The mystery still holds, thus it holds you. But nothing is contributed plot wise by the supporting cast either. An amnesia story? A potential maniac with brain damage that is never brought closure (that whole subplot goes on for way too long)? A love interest killed off (in fact, some of the best characters in the show killed off?) It just doesn't work entirely. Sub plots don't go anywhere, and characters come and go with no purpose or reason. That future special agent that's a transexual? He is in maybe three epsidoes then never seen or heard from again - leaving as randomly as he appeared. That's about how season two treats its characters.
About two thirds through, though, the season really finds some ground. It suddenly has a direction. it builds it great, the last few episodes just perfect. Then it rises and rises to an amazing cliffhanger then...
....nothing. There was no Season Three.
Not Meant to Be
I would venture to bet that if Twin Peaks were made today, it would be given a better chance by the viewing public. I think there's a better audience out there for shows like this today. Twin Peaks was arguably ahead of its time, and considering I felt it hadn't aged a day when watching it (save for some very 80s/early 90s melodrama acting) I feel pretty confident in saying that. Shows such as Supernatural, The X-Files (also influenced by Kolchak, another show I'm planning to write about), Lost and so on. It had a richness and depth to its world, dealt with a number of philosophical and mythological themes and ideas about dreams, the soul and existence and doesn't use those ideas in some shallow form of "naming something so people think it has meaning behind it." It actually does something with it.
Of course, Twin Peaks was one of those shows that was moved around all over the schedule by the network, and if there's anything we know...people don't like shit moved around. So a muddled second season combined with network scheduling as aimless as the season itself pretty much killed the show.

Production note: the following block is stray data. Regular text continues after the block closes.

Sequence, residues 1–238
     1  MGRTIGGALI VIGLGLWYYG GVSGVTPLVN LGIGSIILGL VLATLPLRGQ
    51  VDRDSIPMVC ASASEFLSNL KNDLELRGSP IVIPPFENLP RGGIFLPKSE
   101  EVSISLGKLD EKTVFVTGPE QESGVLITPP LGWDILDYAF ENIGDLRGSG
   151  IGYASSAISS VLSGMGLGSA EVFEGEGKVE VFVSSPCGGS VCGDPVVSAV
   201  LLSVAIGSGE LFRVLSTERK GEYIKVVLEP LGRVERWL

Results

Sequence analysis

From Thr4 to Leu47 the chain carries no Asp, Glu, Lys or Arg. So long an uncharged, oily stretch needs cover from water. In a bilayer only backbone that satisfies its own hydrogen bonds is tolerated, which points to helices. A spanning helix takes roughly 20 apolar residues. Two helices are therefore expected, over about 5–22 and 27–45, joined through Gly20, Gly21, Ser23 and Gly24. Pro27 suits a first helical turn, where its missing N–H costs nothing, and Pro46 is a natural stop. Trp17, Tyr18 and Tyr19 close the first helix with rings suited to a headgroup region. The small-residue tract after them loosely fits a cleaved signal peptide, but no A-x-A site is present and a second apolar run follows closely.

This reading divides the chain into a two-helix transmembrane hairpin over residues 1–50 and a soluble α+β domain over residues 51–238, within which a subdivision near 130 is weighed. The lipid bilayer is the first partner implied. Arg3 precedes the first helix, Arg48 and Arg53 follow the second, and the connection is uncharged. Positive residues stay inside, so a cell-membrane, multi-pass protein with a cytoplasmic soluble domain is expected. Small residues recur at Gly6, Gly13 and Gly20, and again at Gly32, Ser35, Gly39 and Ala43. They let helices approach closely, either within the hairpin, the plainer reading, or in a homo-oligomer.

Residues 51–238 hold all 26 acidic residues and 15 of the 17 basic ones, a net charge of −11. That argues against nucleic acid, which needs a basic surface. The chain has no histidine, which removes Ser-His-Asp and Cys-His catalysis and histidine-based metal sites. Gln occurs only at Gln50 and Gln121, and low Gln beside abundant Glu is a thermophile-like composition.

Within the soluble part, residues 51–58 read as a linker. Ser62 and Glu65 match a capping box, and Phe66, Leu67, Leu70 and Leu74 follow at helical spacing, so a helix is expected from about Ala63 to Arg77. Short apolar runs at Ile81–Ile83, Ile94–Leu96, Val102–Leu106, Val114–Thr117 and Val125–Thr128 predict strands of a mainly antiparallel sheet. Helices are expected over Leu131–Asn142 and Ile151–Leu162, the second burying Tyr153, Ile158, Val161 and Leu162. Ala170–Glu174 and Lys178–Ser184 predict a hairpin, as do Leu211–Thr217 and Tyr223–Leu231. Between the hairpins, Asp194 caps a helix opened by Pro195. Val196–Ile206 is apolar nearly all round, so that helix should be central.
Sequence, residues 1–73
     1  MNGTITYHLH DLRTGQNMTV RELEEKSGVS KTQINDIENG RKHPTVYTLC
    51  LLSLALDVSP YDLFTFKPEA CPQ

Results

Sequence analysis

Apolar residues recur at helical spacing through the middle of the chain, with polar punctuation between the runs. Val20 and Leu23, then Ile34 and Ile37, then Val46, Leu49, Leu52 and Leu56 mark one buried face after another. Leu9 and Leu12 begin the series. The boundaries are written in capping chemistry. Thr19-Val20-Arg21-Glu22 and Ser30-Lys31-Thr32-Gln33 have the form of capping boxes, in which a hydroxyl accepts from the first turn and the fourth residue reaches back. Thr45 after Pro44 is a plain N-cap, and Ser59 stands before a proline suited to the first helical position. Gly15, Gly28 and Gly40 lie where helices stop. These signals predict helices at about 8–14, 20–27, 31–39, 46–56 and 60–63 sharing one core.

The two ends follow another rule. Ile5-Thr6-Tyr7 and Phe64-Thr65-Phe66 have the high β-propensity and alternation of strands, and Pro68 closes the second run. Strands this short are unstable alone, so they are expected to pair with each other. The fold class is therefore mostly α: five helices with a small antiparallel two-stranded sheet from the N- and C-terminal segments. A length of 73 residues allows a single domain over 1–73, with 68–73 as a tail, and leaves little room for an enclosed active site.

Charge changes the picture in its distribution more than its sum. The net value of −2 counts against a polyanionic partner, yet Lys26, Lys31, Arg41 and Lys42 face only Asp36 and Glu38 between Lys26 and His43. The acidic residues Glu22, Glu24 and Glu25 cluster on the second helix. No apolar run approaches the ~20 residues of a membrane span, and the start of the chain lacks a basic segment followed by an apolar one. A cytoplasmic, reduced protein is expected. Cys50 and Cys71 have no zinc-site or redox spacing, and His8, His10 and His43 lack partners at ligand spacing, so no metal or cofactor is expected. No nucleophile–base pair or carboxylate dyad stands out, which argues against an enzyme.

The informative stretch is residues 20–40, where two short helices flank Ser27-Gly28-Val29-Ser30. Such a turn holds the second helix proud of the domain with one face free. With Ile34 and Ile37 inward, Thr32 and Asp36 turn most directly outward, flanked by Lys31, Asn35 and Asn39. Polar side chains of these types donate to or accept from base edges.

A Slice of Lynch
As much as I could just write up a general "here's the good/bad" things about Twin Peaks, I thought a little deeper analysis of the series is in order. As I said in my Blue Velvet video, Lynch carries a lot of themes across his works. They are often dealing with the human soul, dreams, desires (often sexual), hidden lives and wearing masks that hide our true selves. Twin Peaks explores all those, but in particular the ideas of the soul and the mysteries of dreams. Agent Cooper is the mouthpiece for those ideas, open minded and bringing his odd beliefs (and behaviors) to a community that is secluded and in its own norm of existence. That community is us, the "normal" people. It is full of characters with secrets and masks. Agent Cooper turns it all on its head when brought to the town to solve a crime that those so used to their normal lives can't grasp and have to look elsewhere for answers.
Of course this is Lynch. His answer is that there aren't really answers at all, must different ways to seek them and whatever is given is never quite as it seems.
This theme of normalcy versus oddity is what defines Lynch's career and the strength of that definition is found throughout the show, even in the often stumbling Season Two. There's a richness and depth here that two seasons seem to only scratch the surface of. From Jungian theory of shared consciousness to the absurdities of small town life and the parody the show brings in observing the parallels of what is real and what is just melodrama (shown wonderfully by occasionally glancing to a television soap opera called Invitation to Love...apparently the only show on television).
It's this depth, where you not only rewatch the show because of great characters and drama but to discover its meanings, that made Twin Peaks one of the most heralded shows of its time. Despite that acclaim, it just didn't stick. Nobody really watched. Yet it is still thought of fondly my a majority of people, and people still know it by name. It had that much of an impression on the culture and the following now is impressive. People still want to watch this show. From the creepy and unforgettable opening credits and music to the acting to the fantastic sense of atmosphere. It's a show that will hook you even if you aren't a Lynch fan. All that's left now is to put this baby on streaming, Netflix or Hulu, and let more and more people watch and come to appreciate it. Like I said, that audience is here now...twenty years later.